Artificial Intelligence

What is the Difference Between Artificial Intelligence and Machine Learning?

by
Craig Wisneski
,
June 7, 2021

AI, or artificial intelligence, is a branch of computer science aiming to create intelligence in machines. On the other hand, machine learning is a branch of computer science (data science) that seeks to give machines the ability to learn patterns from data and make predictions. We take a look at the major differences between artificial intelligence and machine learning.

Types of AI

AI is commonly divided into two main classes - “weak AI” and “strong AI.”

Weak AI encompasses systems that are designed to accomplish specific tasks and do not have general capabilities. While these systems are very limited in their ability to perform different tasks, they can still out-perform humans in specific tasks. An example is Google’s AlphaGo, which surprisingly defeated a renowned Go player, Lee Sedol, using AI techniques like artificial neural networks and reinforcement learning.

Strong AI encompasses systems that can perform intellectual tasks that would typically require human intelligence or systems that resemble human intelligence in some or all aspects. This level of machine intelligence is challenging to achieve, and there is no generally accepted definition of what constitutes "strong" artificial intelligence. Systems such as this are still years away from reality, but duplicating or exceeding the power of the human brain is an ultimate goal for those working in the field of strong artificial intelligence.

Machine learning is a subset of AI, but it's the one that we most often hear about because it's currently generating the most excitement in the industry as it unlocks a wide variety of business applications. Other types of artificial intelligence don't use machine learning as their primary technology, such as genetic algorithms and swarm optimization algorithms (among others).

Will we reach superintelligence?

Whether or not superintelligence is possible is one of the most hotly debated in the field of AI. 

Most people in the field believe that we will have a sentient AI at some point in the future, and even within our lifetimes. However, some believe the technology is fundamentally impossible.

A sentient AI would go far beyond Amazon’s Alexa or Apple's Siri - it would be a computer system that can express thoughts, emotions, and other cognitive states. The feasibility of superintelligence, a highly intelligent sentient AI, is a big question with no clear answer. Still, there are many reasons to believe that such a system is possible – and even likely to exist at some point in the future.

One of the major arguments for AI systems achieving human-level intelligence is that they are endlessly getting better at pattern matching. The more they are exposed to big data sets – and the more complex those data sets are – the smarter they become, and data continues to grow exponentially. As a result, AI systems today can perform tasks like creating art, driving cars, and coding. They can also learn new tasks as they are exposed to them more quickly than was possible before.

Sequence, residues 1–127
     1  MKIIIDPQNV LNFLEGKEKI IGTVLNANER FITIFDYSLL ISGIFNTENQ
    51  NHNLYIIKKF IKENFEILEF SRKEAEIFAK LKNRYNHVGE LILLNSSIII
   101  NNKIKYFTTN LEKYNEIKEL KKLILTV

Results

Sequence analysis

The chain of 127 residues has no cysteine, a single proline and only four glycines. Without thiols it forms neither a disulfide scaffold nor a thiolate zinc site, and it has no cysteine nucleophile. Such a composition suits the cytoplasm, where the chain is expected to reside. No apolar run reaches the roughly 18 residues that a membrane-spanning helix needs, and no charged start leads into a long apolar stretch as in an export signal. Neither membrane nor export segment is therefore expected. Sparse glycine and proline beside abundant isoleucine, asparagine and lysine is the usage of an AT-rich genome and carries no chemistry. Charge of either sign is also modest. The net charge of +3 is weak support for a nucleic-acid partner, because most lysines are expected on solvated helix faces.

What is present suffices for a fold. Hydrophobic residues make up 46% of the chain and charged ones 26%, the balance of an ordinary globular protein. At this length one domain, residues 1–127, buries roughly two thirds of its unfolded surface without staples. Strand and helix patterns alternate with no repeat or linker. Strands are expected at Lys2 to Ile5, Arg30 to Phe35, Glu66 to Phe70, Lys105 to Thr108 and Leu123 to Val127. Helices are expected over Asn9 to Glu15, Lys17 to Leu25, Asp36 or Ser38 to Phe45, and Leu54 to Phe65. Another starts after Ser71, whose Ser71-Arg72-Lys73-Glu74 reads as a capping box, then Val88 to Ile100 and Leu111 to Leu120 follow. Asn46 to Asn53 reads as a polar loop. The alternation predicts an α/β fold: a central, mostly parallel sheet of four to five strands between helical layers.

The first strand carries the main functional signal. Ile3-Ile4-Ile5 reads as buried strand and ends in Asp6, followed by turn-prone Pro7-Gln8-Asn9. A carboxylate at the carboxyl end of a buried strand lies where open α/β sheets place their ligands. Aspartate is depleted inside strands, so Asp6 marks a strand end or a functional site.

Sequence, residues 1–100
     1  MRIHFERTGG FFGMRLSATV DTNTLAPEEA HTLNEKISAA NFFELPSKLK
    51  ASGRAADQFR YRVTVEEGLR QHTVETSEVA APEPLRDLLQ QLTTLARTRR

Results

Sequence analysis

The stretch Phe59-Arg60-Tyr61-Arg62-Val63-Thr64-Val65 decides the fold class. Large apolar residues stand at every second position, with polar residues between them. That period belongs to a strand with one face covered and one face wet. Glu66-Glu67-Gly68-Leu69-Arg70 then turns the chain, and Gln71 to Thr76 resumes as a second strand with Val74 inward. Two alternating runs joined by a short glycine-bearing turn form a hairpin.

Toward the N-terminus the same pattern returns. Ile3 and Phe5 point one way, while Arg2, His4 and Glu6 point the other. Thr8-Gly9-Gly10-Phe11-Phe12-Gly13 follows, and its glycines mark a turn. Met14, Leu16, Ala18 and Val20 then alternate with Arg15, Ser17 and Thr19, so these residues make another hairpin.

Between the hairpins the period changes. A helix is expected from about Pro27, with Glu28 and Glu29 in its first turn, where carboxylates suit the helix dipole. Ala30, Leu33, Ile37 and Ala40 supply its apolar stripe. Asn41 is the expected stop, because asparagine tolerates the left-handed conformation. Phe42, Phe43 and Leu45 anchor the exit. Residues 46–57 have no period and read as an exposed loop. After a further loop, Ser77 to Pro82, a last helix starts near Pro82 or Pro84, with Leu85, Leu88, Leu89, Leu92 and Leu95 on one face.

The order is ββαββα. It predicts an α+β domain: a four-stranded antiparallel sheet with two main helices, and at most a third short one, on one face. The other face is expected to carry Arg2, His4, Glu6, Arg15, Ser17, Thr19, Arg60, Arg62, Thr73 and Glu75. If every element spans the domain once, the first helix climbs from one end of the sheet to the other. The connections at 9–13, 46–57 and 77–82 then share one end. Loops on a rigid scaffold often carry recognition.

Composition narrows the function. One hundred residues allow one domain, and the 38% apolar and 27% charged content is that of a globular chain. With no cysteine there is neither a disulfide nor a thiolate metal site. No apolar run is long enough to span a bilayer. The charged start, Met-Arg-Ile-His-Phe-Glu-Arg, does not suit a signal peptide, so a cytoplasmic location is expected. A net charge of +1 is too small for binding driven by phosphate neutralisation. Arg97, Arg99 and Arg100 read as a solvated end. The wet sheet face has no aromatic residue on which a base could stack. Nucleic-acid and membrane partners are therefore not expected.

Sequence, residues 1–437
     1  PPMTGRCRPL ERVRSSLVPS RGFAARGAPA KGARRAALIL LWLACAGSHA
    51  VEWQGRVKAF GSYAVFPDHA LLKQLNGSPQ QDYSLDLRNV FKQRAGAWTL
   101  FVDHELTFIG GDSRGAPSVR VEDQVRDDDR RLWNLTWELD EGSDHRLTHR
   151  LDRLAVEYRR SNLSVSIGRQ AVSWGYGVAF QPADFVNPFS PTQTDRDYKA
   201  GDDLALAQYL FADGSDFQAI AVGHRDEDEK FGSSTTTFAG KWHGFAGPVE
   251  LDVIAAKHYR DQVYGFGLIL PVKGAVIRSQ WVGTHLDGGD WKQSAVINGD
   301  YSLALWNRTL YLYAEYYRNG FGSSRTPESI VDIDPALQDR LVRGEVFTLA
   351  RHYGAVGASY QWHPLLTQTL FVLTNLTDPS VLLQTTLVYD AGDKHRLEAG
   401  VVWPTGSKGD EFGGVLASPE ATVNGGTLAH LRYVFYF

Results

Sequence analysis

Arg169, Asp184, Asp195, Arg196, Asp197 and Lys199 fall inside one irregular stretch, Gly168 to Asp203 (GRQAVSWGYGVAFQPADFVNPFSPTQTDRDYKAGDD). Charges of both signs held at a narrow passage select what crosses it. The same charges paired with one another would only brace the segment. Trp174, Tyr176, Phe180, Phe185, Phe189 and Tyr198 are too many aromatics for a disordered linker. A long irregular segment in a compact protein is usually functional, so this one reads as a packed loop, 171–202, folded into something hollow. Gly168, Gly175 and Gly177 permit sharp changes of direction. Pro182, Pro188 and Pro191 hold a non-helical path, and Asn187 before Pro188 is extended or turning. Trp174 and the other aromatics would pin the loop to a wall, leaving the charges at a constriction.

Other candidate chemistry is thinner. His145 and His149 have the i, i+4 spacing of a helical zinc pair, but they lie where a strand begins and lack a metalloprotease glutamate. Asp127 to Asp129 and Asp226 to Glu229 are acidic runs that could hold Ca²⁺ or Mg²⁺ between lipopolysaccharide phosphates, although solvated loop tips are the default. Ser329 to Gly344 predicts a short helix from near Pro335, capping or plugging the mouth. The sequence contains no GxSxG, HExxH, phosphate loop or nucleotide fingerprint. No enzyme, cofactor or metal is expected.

There are no foreseeable limits in AI capabilities, as machine learning advancements and deep learning algorithms continue to become more accurate with larger and larger datasets, such as OpenAI’s GPT-3, which is made of 175 billion parameters. This model leverages deep learning and natural language processing and can write code, poetry, essays, song lyrics, and many more use cases, all of which are tasks that were once thought impossible for AI to accomplish.

Types of machine learning

While machine learning is a subset of artificial intelligence, machine learning can further be broken down into three more categories: Supervised learning, reinforcement learning, and unsupervised learning.

Supervised Learning

In supervised learning, a labeled data is required for the training process. For supervised learning to work, there must be a label for each decision in order for the machine to update its decision-making. 

There are two subtypes of supervised learning algorithms: classification and regression.  Classification algorithms are used when you have a group of items that should be assigned labels; whereas regression algorithms are used when you want to create a “line of best fit” (which can have any number of parameters) for a system with input and output variables, such as predicting a house's value based on its size and number of bedrooms. Let's take a closer look at these two types of algorithms and discuss some examples of each.

Classification algorithms are used in a wide variety of applications, including fraud detection, conversion prediction, and churn analysis. For instance, say you have a dataset of credit card transactions, and you want to use it to build a model that can predict whether or not a transaction is fraudulent. This is a classification problem, because there are a discrete set of possible labels (fraudulent or not fraudulent) that can be predicted. In contrast, regression algorithms would be used if you were trying to predict the dollar amount of a future transaction based on past transaction history.